Analysis-Lebanon's Hezbollah reveals more of its arms in risky escalation

By Laila Bassam, Maya Gebeily and Tom Perry

BEIRUT (Reuters) - Hezbollah is drawing on more of its arsenal in its conflict with Israel even as it declares no interest in a full-scale war, an escalation analysts believe aims to deter Israel from a wider confrontation but which could also risk igniting one.

Sparked by the Gaza war, the conflict across the Lebanese-Israeli border has shifted up several gears in the last month, adding to concern the heavily armed adversaries could escalate towards a war that would be ruinous for both countries.

The spectre of such a war is looming over the region as U.S.-led mediation struggles to secure a Gaza ceasefire, with increasingly bellicose rhetoric from both Israel and the Iran-backed Hezbollah.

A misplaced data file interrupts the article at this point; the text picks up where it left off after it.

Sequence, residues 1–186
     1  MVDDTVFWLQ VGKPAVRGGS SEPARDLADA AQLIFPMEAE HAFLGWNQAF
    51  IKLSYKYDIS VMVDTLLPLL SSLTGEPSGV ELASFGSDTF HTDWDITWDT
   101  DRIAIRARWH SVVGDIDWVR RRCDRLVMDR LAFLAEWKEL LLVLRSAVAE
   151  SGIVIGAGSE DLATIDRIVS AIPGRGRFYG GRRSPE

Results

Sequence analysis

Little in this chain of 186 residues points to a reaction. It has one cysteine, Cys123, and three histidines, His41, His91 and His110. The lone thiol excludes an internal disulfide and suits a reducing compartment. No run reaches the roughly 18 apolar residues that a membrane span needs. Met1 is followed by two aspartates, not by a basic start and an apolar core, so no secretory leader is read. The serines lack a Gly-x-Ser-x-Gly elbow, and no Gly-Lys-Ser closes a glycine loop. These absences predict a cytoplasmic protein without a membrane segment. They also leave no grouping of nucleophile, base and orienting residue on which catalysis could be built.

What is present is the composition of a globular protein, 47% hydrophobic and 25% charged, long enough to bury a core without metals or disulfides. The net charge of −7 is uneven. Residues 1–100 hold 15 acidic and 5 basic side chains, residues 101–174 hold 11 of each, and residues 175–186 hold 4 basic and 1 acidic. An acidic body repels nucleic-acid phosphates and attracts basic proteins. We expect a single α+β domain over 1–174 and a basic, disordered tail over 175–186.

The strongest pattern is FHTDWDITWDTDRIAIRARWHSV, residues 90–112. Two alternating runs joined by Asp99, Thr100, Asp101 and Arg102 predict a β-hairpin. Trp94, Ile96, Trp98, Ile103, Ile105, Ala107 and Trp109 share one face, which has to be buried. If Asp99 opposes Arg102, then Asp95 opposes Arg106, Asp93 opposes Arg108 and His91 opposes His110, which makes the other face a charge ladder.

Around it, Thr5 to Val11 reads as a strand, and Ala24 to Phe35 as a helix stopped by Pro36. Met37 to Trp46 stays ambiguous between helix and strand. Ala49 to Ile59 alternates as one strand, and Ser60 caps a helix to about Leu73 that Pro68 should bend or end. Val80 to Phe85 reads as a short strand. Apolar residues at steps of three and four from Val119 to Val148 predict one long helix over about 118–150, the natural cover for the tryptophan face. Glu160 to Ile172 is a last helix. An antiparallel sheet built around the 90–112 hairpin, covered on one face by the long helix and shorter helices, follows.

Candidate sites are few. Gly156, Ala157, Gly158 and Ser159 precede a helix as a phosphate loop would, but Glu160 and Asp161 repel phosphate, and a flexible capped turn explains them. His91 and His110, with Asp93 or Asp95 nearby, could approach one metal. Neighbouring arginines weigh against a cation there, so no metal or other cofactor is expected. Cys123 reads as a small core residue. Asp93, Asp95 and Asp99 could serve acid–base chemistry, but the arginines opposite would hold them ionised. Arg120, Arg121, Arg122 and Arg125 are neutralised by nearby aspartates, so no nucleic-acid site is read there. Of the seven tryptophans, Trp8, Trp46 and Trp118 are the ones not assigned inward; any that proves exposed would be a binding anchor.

Hezbollah has ratcheted up its attacks in several ways of late, sending larger numbers of explosive drones in one go, using a new type of rocket, and declaring that it has targeted Israeli warplanes for the first time - a milestone for the group, according to a source familiar with Hezbollah's arsenal.

Retaliating for the killing of a senior commander by Israel, Hezbollah unleashed two days of its heaviest bombardment of the conflict so far, firing some 250 rockets at Israel on Wednesday and an even larger attack at nine Israeli military sites with rockets and drones on Thursday.

Many of Wednesday's rockets appeared to have landed in open ground and set off large brush fires. Shrapnel from Thursday's attack left at least two people wounded in Israel.